evening school

Piercing a difficult subject: Human Sexuality instructor Ty Pierce

Ty Pierce admits it. Sometimes, a lecture on psychology can be boring. One night teaching his social psychology class at Drury he noticed his students fading, so he asked them if they wanted to see a magic trick. Pierce, an amateur magician since before he could read, performed a trick and it’s become a trademark of his classes.

“During the break, I’ll do a magic trick and it wakes ‘em up a little bit and it seems to make them smile and that’s my drug,” Pierce said.

Ty Pierce

Pierce knows all about the power of emotion. Besides his usual psychology courses, Pierce teaches human sexuality. Around the nation, human sexuality is consistently one of the most popular classes on college campuses, which comes as no surprise to Pierce.
“It’s easy, it’s the only reason we’re alive,” Pierce said. “It’s what I tell the class, sex is the only reason we’re here. We were all conceived as the result of sex.”

Pierce has taught at Drury for more than two decades and he’s taught human sexuality during most of that time, primarily in the evenings in the College of Continuing Professional Studies. His frank, energetic style has made him popular among the students.

“I had heard about Ty and his teaching style from other students and researched his ratings on line. And heard that he was phenomenal,” said Jennifer Pierson, a Drury junior. “I didn’t know what to expect, but I came into it with an open mind and I was kind of excited to take a class that was one of the highest ranked classes I’ve seen yet at Drury.”

The father of two is passionate about much more than just teaching. As an undergraduate, he knew a young woman who had been date raped, which started him on a crusade against sex crimes. Now, he’ll tell anyone who will listen everything from how to avoid becoming the victim of a sex crime to how to avoid an unwanted pregnancy.

“If I can prevent one child from being molested, one person in my class from being pregnant when they’re not wanting to, or prevent a student from getting a disease or keep a young lady or a child from being raped, my job is done,” Pierce said.

To view a video about Pierce’s teaching style and his efforts against sex crimes, click here.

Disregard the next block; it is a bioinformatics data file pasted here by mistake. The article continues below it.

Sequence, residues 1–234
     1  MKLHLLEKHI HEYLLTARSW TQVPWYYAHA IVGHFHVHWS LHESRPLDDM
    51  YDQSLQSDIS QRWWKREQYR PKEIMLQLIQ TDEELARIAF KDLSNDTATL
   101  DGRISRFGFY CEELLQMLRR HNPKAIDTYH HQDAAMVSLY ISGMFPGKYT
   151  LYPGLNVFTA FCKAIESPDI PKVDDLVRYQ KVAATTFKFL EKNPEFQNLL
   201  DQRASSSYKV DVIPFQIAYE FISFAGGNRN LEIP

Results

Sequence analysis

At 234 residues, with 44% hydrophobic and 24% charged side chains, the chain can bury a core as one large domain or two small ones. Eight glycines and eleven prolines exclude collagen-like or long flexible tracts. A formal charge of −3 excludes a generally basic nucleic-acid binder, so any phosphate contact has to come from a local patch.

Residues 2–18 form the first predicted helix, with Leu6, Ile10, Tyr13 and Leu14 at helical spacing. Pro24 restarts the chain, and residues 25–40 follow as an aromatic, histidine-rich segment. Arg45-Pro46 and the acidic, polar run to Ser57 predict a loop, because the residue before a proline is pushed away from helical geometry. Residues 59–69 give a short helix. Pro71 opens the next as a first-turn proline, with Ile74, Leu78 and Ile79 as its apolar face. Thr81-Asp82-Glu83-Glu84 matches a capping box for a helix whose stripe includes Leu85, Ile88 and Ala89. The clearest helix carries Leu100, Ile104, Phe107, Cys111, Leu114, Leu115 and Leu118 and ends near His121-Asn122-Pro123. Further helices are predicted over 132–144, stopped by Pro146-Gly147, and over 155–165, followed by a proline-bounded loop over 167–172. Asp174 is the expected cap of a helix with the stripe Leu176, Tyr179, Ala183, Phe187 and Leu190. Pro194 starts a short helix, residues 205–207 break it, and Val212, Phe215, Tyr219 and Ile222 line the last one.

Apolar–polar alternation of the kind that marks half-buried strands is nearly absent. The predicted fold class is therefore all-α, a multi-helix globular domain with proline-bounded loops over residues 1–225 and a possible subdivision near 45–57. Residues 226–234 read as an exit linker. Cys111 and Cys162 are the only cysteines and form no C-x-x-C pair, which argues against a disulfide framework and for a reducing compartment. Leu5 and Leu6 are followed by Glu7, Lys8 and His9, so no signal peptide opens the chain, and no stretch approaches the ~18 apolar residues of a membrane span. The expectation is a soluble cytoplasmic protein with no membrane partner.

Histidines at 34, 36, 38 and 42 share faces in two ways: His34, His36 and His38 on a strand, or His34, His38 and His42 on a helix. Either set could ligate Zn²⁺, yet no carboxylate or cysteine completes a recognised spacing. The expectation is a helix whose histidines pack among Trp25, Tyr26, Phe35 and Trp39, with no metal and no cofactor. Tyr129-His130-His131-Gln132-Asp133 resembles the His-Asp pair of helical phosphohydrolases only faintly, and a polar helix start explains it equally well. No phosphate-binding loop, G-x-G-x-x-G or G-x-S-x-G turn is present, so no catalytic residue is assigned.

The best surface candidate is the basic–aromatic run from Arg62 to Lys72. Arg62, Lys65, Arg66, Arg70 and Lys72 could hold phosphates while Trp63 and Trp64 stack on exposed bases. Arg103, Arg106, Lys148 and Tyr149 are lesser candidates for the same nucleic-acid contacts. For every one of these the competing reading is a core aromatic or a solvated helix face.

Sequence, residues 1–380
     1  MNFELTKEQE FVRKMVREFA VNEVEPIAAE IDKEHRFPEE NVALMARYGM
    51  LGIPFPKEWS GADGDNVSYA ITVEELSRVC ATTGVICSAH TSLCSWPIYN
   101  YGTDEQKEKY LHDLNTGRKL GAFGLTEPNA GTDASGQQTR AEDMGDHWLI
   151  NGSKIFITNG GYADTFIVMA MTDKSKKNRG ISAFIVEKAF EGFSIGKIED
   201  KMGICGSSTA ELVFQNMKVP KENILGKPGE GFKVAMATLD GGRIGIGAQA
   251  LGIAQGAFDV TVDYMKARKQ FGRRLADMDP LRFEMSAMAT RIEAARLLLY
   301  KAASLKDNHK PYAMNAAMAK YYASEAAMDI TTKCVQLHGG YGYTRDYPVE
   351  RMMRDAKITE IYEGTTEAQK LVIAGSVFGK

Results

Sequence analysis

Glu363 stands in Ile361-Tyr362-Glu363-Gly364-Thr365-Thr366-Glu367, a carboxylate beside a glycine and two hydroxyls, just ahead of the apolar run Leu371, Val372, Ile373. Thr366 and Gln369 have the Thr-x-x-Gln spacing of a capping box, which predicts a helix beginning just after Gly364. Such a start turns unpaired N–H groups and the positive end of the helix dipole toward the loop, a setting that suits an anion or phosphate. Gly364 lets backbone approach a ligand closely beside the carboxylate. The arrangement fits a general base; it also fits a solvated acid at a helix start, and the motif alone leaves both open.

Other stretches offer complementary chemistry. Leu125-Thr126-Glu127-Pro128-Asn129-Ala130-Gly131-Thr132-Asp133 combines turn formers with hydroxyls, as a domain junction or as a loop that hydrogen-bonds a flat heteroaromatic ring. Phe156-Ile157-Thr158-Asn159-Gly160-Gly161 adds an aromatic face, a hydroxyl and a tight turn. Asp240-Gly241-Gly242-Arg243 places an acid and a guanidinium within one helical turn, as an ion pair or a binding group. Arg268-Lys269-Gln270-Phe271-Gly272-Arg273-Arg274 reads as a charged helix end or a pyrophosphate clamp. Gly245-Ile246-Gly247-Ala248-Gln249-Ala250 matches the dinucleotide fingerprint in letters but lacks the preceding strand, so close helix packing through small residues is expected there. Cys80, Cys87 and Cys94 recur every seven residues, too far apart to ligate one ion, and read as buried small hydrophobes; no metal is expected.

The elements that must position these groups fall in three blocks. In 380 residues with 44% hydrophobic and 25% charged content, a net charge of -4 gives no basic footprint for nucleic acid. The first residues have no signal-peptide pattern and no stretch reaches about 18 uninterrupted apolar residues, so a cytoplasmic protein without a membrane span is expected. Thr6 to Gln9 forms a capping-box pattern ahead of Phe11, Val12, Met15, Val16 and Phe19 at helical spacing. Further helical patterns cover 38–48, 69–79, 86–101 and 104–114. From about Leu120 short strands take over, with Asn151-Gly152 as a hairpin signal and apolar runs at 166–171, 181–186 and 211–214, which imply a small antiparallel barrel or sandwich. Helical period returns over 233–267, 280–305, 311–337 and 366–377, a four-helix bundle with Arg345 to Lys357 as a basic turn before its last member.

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Story by Mark Miller, associate director of marketing and communications.

Moving across continents and an ocean to attend Drury

It’s over 8,000 miles from Nairobi, Kenya to Springfield but that’s how far Peter Onyango traveled to attend Drury. Now, a permanent resident in the United States, he is set to graduate in December 2012 with a biology degree and then head to medical school.

“I want to help people back in Africa. Help people who don’t have access to healthcare,” said Onyango.

Peter Onyango in Drury's Olin Library. Photo by Jess Heugel.

Why did Onyango move so far to attend college? “In Kenya, there is a long waiting list to get into university. In the United States, you can go straight to college out of high school. There are so many opportunities,” he said.

After visiting his cousin who lived in Springfield, Onyango enrolled in another university but he soon transferred to Drury’s College of Continuing Professional Studies. He worked during the day and needed to attend classes exclusively at night. “College in the U.S. is so different from Kenya. You can work and go to school because the schedule is so flexible.”

Onyango, 26, is now just months away from a bachelor’s degree that will lead him to his ultimate goal of becoming a doctor, and the support system at Drury has helped him get there. “My instructors have given me advice on what classes to take and how to complete my degree in the shortest amount of time,” Onyango said. “The teacher-to-student ratio has been great, not just in the classroom, but it helps me retain the information, as well.”

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